|US5394006 *||Jan 4, 1994||Feb 28, 1995||Industrial Technology Research Institute||Narrow gate opening manufacturing of gated fluid emitters|
|US5410218 *||Jun 15, 1993||Apr 25, 1995||Micron Display Technology, Inc.||Active matrix field emission display having peripheral regulation of tip current|
|US5438240 *||Apr 22, 1994||Aug 1, 1995||Micron Technology, Inc.||Field emission structures produced on macro-grain polysilicon substrates|
|US5438259 *||Oct 18, 1994||Aug 1, 1995||Hitachi, Ltd.||Digital circuitry apparatus|
|US5459480 *||Sep 16, 1994||Oct 17, 1995||Micron Display Technology, Inc.||Architecture for isolating display grid sections in a field emission display|
|US5484314 *||Oct 13, 1994||Jan 16, 1996||Micron Semiconductor, Inc.||Micro-pillar fabrication utilizing a stereolithographic printing process|
|US5486126 *||Nov 18, 1994||Jan 23, 1996||Micron Display Technology, Inc.||Spacers for large area displays|
|US5786659 *||Nov 29, 1994||Jul 28, 1998||Futaba Denshi Kogyo K.K.||Field emission type electron source|
|Citing Patent||Filing date||Publication date||Applicant||Title|
|US6387718||Aug 29, 2001||May 14, 2002||Micron Technology, Inc.||Field emission arrays and method of fabricating emitter tips and corresponding resistors thereof with a single mask|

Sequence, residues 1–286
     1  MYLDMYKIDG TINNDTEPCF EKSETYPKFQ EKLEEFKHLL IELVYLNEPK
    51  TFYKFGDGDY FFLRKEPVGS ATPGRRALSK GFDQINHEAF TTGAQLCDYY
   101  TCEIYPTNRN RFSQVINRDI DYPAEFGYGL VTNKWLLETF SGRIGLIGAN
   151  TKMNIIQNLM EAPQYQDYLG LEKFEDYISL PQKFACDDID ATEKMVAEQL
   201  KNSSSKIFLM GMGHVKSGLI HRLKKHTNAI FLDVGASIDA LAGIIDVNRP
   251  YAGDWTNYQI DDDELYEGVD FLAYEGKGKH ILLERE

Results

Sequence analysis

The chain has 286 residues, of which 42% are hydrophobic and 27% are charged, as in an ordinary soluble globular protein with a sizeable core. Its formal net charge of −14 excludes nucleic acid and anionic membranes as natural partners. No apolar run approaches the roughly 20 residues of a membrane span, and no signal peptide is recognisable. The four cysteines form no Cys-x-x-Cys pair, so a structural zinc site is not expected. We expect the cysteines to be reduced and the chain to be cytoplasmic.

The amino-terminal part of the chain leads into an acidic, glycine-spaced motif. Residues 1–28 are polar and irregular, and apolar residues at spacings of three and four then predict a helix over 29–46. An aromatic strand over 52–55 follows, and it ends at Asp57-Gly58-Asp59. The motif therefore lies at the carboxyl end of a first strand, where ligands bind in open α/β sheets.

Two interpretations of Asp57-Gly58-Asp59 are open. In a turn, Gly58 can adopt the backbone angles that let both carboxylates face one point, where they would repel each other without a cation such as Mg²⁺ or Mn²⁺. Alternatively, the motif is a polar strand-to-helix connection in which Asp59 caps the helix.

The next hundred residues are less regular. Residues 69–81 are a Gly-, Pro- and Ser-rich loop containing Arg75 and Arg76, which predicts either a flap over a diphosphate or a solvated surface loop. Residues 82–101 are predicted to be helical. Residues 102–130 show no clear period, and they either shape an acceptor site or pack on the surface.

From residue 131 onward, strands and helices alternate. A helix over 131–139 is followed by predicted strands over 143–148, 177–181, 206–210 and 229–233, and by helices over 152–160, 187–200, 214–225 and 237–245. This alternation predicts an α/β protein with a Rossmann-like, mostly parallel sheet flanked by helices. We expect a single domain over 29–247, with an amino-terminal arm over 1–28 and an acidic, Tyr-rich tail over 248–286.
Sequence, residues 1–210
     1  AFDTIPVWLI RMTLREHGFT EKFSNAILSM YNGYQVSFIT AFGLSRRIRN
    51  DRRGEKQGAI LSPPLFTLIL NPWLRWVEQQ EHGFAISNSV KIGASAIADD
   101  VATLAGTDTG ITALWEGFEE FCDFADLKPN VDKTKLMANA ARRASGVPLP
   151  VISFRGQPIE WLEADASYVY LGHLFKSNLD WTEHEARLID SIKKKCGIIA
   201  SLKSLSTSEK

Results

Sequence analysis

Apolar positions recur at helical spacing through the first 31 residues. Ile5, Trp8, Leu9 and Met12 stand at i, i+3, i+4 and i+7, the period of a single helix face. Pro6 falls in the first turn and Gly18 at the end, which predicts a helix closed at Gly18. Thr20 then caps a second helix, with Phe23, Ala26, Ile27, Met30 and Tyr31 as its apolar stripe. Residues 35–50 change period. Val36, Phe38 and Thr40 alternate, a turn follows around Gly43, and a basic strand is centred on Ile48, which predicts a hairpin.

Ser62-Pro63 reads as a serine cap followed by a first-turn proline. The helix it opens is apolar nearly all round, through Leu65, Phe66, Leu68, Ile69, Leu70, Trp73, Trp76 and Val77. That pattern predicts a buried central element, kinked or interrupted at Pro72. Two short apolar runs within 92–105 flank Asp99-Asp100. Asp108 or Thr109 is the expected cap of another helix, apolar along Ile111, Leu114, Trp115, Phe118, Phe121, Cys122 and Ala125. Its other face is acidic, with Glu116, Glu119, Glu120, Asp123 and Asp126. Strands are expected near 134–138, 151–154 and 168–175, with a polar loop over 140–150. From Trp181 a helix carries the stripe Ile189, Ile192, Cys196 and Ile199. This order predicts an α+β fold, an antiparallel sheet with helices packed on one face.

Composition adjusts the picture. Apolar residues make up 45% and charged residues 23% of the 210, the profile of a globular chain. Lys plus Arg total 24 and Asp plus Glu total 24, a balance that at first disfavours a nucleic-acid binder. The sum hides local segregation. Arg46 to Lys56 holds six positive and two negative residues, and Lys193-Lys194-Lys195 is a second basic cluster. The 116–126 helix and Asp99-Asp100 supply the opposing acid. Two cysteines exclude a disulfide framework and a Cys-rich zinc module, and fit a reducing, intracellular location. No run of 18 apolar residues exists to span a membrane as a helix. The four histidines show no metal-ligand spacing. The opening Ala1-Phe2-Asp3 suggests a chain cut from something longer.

|US6600264 *||Aug 29, 2001||Jul 29, 2003||Micron Technology, Inc.||Field emission arrays for fabricating emitter tips and corresponding resistors thereof with a single mask|
|U.S. Classification||313/495, 313/309, 313/351, 313/336|
|Nov 4, 1996||AS||Assignment|
Owner name: MICRON DISPLAY TECHNOLOGY, INC., IDAHO
Free format text: ASSIGNMENT OF ASSIGNORS INTEREST;ASSIGNOR:CARPENTER, CRAIG M.;REEL/FRAME:008306/0666
Effective date: 19961004
|Jul 26, 2000||AS||Assignment|
Owner name: MICRON TECHNOLOGY, INC., IOWA
Free format text: MERGER;ASSIGNOR:MICRON DISPLAY TECHNOLOGY, INC.;REEL/FRAME:010996/0188
Effective date: 19970916
|Sep 29, 2003||FPAY||Fee payment|
Year of fee payment: 4
|Sep 17, 2007||FPAY||Fee payment|
Year of fee payment: 8
|Dec 5, 2011||REMI||Maintenance fee reminder mailed|
|Apr 25, 2012||LAPS||Lapse for failure to pay maintenance fees|
|Jun 12, 2012||FP||Expired due to failure to pay maintenance fee|
Effective date: 20120425